Energy, Utilities & Water  November 8, 2023

United Power, Tri-State settle on terms for divorce

BRIGHTON and WESTMINSTER — A settlement agreement has been reached between Westminster-based nonprofit wholesale power supplier Tri-State Generation and Transmission Association Inc. and its largest member, Brighton-based electric cooperative United Power Inc., that will complete the companies’ contentious two-year divorce.

The companies this month executed a pact that sets forth terms for the two utilities to make good-faith efforts to execute a formal settlement agreement involving power purchases and the sale of utility assets from Tri-State to United Power.

Elements of the term sheet include a mutual release of claims and provisions specifying that the parties will cooperate to complete a settlement agreement and related agreements by Dec. 8. At that time, under the agreement, United Power and Tri-State will jointly file for dismissal of a lawsuit, with prejudice, that is pending in Adams County District Court. United Power had sued Tri-State in May 2020, alleging that Tri-State illegally granted members to its roster so it could become subject to the Federal Energy Regulatory Commission instead of the Colorado Public Utilities Commission. United Power had alleged a yearslong conspiracy to keep it from exiting the association of local electric providers.

Tri-State’s board of directors unanimously approved the term sheet on Nov. 1, and United Power’s board approved it on Monday.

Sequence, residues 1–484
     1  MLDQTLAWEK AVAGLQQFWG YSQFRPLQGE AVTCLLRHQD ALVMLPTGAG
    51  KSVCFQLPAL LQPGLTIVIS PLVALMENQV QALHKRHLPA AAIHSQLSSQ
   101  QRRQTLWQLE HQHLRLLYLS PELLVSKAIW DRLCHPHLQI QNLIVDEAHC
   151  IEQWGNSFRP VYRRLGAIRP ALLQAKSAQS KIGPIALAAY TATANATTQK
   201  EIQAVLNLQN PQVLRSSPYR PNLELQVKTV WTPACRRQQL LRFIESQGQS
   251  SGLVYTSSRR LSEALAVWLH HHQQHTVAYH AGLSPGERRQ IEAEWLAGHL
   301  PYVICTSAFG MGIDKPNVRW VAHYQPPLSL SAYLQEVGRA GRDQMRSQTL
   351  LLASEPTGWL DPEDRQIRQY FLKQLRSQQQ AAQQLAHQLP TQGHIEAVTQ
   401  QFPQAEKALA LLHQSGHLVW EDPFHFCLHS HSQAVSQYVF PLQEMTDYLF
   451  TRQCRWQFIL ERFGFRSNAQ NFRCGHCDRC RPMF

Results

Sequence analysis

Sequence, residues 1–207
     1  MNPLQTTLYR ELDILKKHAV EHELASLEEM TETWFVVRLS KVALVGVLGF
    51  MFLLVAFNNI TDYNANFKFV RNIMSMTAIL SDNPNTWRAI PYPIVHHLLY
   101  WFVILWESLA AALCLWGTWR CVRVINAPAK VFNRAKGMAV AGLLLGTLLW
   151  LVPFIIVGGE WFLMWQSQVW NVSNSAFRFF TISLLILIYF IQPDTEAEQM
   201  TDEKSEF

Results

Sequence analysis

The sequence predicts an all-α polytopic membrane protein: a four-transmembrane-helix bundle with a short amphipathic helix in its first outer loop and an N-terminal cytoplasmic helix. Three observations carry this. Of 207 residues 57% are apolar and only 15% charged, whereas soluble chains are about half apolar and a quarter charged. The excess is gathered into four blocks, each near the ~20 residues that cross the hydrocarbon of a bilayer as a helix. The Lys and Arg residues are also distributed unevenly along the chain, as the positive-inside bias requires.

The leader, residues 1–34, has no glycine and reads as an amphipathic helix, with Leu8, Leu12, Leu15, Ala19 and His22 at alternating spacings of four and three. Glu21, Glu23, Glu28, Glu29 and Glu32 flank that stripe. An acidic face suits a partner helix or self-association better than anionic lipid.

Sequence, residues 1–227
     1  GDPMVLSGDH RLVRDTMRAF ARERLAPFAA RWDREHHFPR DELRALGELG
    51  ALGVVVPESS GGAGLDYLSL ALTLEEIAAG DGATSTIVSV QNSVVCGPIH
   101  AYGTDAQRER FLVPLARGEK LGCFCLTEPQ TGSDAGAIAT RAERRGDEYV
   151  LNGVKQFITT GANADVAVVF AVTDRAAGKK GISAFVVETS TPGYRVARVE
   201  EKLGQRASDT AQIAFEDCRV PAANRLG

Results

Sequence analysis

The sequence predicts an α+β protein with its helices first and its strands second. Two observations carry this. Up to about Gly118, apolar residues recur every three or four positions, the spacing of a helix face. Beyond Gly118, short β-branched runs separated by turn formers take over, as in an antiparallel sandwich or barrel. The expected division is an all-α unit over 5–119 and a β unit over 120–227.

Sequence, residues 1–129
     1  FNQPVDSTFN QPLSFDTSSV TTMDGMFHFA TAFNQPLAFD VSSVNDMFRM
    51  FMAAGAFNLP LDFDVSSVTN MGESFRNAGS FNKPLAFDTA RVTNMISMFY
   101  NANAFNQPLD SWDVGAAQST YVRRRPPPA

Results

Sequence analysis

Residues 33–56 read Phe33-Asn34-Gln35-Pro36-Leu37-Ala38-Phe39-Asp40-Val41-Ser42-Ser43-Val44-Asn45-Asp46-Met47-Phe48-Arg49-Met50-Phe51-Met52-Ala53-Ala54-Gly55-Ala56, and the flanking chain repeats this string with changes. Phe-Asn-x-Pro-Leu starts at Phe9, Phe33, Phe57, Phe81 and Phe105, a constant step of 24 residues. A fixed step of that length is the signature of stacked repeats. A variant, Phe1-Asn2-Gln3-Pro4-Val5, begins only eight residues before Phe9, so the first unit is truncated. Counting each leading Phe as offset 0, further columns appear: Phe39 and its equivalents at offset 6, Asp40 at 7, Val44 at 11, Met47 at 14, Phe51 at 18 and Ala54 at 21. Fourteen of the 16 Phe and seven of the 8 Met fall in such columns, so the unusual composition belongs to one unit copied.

The companies had taken steps during the same week in September to advance the separation. Tri-State filed an unexecuted version of the membership withdrawal agreement with the FERC that would break a contract that would have extended until 2050. Two days later, United Power announced a partnership with investor-owned utility Xcel Energy (Nasdaq: XEL) in which Xcel will provide United Power and its members with excess low-carbon, renewable electricity.

Under the newly ratified agreement, Tri-State and United Power will continue taking actions to ensure United Power’s exit by May 1 upon making a contract termination payment. That amount will be set by the FERC based on a rate schedule to be calculated April 24, and Tri-State would have the right to terminate the agreement if United Power defaults, as well as termination rights for either party. Tri-State requested that FERC accept the withdrawal agreement with an effective date of Nov. 12.